i1520-0442-21-16-4045-e8
where g is acceleration due to gravity, x and y represent longitude and latitude directions respectively, and P is the pressure. This positive contribution of the diurnal mode is clearly seen in the observed estimates and the superensemble forecasts. The ensemble mean and the unified scheme fail to capture this feature. The important implications of this result are as follows: Each day this diurnal mode is providing energy for driving the monsoon via the thermally direct diurnal vertical circulations. The daily averaged magnitude of that energy transfer for the diurnal to the monsoon scale is of the order of 1012 J s−1. Having the same positive sign every day makes this effect quite large accumulatively over a monsoon season.
Figure 14b illustrates the contributions to the local change of total kinetic energy for the same period for ERA-40, the ensemble mean, the unified scheme, and the superensemble over the same monsoon domain. This is expressed by
i1520-0442-21-16-4045-e9
where K is the kinetic energy. These results for a 10-day average depend strongly on the prevailing monsoon phenomenology of that period. This change of total kinetic energy is of the order of 1013 J s−1 and is one order of magnitude larger than the diurnal change. This change, on an hour by hour basis, shows a net positive growth of total kinetic energy from the observed estimates (7.3 × 1013 J s−1) and the multimodel superensemble (1.7 × 1013 J s−1). The ensemble mean (−1.2 × 1013 J s−1) and the unified model (−3.7 × 1013 J s−1) do not show a positive contribution during this period. In terms of rms error, both the unified scheme and the superensemble showed higher skills compared to the ensemble mean forecasts. Note that the change in energy of the diurnal cycle over the Asian monsoon region is of the order of 1012 J s−1, and rate of change of kinetic energy over the same domain is of the order of 1013 J s−1. Therefore, it appears that the diurnal change contributes roughly 10% to the total change of kinetic energy of the Asian summer monsoon. Similar results were found during the active monsoon period (not shown). Because of the steady contribution of the diurnal change this is an important aspect of the monsoon.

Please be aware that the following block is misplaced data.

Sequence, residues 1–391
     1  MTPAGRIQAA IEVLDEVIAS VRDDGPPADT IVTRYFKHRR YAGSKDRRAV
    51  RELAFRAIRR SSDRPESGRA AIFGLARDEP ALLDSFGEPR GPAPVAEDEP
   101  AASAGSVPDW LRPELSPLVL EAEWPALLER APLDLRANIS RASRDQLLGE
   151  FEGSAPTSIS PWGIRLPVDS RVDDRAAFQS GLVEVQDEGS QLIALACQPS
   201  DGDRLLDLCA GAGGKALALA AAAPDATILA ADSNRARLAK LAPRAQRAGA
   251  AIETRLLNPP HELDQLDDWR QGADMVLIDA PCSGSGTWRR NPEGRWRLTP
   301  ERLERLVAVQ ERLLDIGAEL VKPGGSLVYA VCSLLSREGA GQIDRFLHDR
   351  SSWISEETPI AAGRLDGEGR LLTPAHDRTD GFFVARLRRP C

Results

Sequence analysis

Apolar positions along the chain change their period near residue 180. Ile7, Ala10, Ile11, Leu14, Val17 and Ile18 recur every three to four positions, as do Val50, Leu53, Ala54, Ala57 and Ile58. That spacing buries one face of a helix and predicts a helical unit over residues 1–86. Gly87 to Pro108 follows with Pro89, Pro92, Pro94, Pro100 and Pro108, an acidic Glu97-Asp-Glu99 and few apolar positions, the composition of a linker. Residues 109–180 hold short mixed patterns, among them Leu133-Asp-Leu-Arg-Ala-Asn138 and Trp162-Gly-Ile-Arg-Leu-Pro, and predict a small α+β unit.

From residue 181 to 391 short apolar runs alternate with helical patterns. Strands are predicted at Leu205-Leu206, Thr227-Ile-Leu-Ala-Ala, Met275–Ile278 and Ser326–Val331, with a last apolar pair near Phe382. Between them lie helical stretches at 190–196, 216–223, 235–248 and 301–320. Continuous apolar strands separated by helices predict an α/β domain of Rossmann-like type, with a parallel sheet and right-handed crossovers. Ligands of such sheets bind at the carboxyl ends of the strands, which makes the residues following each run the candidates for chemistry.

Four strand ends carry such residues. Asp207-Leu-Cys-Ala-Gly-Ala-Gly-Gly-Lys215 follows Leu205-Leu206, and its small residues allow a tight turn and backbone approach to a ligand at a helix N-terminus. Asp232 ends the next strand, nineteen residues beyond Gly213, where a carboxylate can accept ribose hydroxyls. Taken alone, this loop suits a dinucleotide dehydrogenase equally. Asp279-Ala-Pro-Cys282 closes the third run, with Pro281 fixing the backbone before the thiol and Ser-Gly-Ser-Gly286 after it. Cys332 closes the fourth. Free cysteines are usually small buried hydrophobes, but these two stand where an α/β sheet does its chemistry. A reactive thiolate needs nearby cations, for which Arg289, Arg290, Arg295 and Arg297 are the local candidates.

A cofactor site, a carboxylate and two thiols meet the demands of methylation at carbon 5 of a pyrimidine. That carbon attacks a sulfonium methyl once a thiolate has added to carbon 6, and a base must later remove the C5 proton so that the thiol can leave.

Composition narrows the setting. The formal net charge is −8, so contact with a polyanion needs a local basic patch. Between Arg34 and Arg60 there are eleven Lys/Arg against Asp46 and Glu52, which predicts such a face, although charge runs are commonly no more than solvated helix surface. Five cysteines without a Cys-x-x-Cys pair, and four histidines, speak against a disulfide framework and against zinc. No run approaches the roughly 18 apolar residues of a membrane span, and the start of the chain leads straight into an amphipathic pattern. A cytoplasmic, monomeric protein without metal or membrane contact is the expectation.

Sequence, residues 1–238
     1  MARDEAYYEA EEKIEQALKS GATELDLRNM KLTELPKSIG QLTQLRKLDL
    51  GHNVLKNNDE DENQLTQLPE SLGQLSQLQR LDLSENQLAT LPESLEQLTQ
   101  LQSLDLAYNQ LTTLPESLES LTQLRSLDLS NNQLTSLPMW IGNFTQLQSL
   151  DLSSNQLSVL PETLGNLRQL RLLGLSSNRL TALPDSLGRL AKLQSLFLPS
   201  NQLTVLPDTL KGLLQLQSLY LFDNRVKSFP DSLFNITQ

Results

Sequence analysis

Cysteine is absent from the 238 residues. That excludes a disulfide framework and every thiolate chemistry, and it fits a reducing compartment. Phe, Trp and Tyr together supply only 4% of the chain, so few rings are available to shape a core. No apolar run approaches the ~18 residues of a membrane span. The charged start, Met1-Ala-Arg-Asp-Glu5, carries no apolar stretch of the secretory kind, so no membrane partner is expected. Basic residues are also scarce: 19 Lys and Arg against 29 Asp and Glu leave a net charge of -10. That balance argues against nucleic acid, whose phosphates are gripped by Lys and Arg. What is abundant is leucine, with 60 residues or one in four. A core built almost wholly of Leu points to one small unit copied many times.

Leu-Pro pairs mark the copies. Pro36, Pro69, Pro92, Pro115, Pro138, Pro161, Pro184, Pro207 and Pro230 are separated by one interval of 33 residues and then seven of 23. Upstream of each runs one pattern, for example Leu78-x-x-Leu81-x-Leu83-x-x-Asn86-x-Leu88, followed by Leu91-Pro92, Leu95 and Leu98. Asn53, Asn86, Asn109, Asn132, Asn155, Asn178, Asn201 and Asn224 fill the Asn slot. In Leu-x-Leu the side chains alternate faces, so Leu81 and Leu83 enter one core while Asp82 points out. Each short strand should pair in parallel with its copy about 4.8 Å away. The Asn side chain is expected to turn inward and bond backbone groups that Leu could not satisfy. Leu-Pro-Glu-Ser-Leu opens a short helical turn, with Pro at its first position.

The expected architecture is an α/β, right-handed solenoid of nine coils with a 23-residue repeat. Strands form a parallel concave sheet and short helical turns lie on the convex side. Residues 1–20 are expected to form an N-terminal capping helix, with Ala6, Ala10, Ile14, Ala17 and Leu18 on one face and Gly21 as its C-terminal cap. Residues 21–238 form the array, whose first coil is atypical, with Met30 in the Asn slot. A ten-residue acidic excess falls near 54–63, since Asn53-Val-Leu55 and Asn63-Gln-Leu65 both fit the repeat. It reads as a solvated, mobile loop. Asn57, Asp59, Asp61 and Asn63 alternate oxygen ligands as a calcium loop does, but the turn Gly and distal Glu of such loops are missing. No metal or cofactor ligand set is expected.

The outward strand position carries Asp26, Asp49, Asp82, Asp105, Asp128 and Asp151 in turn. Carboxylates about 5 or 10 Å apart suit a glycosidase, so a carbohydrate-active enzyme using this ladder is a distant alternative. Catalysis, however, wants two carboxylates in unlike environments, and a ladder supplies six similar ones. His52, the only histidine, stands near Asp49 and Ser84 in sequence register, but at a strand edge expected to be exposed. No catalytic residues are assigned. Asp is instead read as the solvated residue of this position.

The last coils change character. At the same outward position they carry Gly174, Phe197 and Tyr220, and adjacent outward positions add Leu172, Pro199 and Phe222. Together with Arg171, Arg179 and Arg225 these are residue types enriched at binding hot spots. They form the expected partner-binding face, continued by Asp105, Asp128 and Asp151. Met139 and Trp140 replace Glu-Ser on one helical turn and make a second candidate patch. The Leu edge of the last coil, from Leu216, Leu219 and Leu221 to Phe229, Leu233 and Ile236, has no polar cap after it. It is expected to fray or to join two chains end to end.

7. Conclusions

The major finding of this study is that a pronounced diurnal mode of the three-dimensional tropospheric circulation over the Asian monsoon region exists. Intense precipitation and upward velocity is noticed over this monsoon domain at noon and during the afternoon hours. This leads to a divergent circulation in the upper troposphere and outflow from this region to its surroundings. This is best seen in the 200-hPa velocity potential (Krishnamurti and Kishtawal 2000).

The available 6-hourly ERA-40 datasets show that this divergent circulation peaks at 1200 LST during monsoon breaks and at 1800 LST during active monsoon periods. The diurnal cycle of the pressure velocity in the upper troposphere is upward (downward) in the afternoon (early morning) hours above the 500-hPa level. In the lower troposphere, this phase of the diurnal cycle occurs 6 h earlier than in the upper levels. Moreover, the ascending motion is more intense, especially at the middle and lower troposphere during the active monsoon period than during monsoon breaks. In the surrounding regions, on the other hand, downward motion is evident during daytime. Another component of this three-dimensional circulation is the wind flow toward the South Asian land from the nearby oceans at noon and during the afternoon hours near the surface. At midnight and during the early morning hours this scenario completely reverses. ISCCP satellite-based observations at 3-h intervals show that, over land parts of the Asian monsoon region, the peak in the diurnal cycle of high clouds is at 2100 LST during both break and active phases. However, the amplitude is about 2.5% higher during the active period than during the break period. Over ocean parts, the phase of the diurnal cycle of high clouds is at 1800–2100 LST during break monsoon and 1500–1800 LST during active monsoon. Similar to that over land, the amplitude is higher during the active period as compared to the break period of monsoon. The diurnal cycle of low clouds does not show any major difference in phase and amplitude during active and break periods. TRMM satellite-based 3-hourly precipitation estimates over land parts of the monsoon domain peak at 2100 LST during the break period and 1800–2100 LST during the active period. Over the ocean part, a weak peak is present in the morning hours during the monsoon break and a sharp peak is noticed at 0900 LST during the active monsoon period. Overall, moderate to heavy precipitation (10–100 mm day−1) usually peaks in the afternoon hours (1800 LST) and very heavy precipitation (>100 mm day−1) peaks in the early morning hours (0300 LST; about 9 h later) over land. Over oceans, very heavy precipitation occurs about 6 h earlier compared to moderate precipitation.